If you need additional bathroom space, a pedestal sink is a wiser choice than a vanity. Although free-standing pedestal sinks lack the storage you would have with a traditional sink and cabinet setup, they take up less space, making your bathroom appear larger. According to the National Association of Realtors, pedestal sinks can even make your bathroom look more modern and stylish than traditional sink mountings. Correctly mounting a pedestal sink is necessary to avoid accidents and possible injuries.
Connecting the Sink
Pedestal sinks come in two separate pieces: the sink bowl and the stand. Depending on how the pipes in your bathroom are set up, it may be necessary to contact a plumber to run the water and drain lines for your pedestal sink. Once the plumbing part of the installation is taken care of, it's time to mount the sink to the pedestal.
You can mount the sink bowl either with lag screws or by gluing the sink bowl to the pedestal with construction adhesive. While construction adhesive creates a strong bond between the sink bowl and pedestal, if you ever need to separate the two pieces, doing so will prove challenging – if not impossible.
Securing the Sink
Your pedestal sink's bowl must not only be connected to the pedestal beneath it but to the wall as well. Gluing the sink bowl to the wall is a slightly more common practice than gluing the sink bowl directly to the pedestal.
If you are not comfortable gluing your sink bowl directly to the wall, you have an alternative in the form of metal brackets. Metal brackets screwed into the wall serve as a durable and glue-free way to mount your pedestal sink bowl. When installed properly, brackets are just as sturdy as glue – sometimes more so.
Attaching the sink bowl to the pedestal or wall with adhesive is often a simpler procedure than connecting the sink bowl with metal brackets, but it has its risks. For example, a small child who cannot see over the sink while brushing his teeth may pull on the sink bowl. If the sink bowl was installed with adhesive alone, it is more likely to pull loose from the wall or pedestal, resulting in possible injury or a broken sink bowl. Thus, if you have small children of your own or keep small children in your home, connecting the sink via metal brackets rather than adhesive is a smart option.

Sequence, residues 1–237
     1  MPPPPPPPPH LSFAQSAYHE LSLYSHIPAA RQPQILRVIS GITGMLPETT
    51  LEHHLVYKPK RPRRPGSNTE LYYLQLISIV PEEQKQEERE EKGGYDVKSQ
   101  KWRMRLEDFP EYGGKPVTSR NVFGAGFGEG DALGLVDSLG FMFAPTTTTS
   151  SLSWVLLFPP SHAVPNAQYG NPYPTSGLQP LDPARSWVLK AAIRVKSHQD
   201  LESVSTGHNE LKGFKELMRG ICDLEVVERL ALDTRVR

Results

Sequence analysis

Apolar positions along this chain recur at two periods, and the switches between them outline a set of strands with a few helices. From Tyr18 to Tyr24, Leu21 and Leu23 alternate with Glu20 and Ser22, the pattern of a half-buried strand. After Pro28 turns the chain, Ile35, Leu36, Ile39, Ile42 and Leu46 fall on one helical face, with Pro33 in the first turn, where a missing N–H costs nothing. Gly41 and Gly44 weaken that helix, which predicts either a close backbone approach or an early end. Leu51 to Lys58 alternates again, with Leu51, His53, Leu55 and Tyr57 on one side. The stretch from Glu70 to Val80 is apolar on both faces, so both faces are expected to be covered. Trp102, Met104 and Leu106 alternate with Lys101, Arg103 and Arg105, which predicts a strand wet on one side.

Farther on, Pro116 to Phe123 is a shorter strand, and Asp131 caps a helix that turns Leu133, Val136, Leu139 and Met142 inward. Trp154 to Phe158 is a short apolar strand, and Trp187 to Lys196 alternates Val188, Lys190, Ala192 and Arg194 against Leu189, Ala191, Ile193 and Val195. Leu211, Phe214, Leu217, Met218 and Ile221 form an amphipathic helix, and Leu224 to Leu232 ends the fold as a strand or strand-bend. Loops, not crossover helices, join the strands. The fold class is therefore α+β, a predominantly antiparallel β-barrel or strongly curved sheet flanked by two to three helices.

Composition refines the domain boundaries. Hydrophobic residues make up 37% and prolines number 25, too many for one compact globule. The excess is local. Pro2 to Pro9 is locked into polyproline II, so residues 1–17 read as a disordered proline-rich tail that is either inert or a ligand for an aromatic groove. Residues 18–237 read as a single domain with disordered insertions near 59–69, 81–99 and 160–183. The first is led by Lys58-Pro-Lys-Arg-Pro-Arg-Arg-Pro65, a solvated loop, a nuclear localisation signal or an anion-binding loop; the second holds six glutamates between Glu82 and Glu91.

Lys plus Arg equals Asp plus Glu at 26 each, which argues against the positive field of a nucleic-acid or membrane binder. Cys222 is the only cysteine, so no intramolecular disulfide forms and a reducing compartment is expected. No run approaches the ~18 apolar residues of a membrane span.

For the most secure sink possible, consider using both metal brackets and adhesive. While you can't apply construction adhesive after securing the sink and pedestal via metal brackets, you can introduce a different kind of adhesive: caulk.
It's necessary to caulk around the base of the pedestal and the area where the rear of the sink bowl meets the wall. This prevents moisture from getting trapped behind your sink and facilitating mold and mildew growth. The U.S. Department of Energy recommends household silicone caulk for bathroom applications and notes that silicone caulk possesses "good to excellent" adhesive properties.
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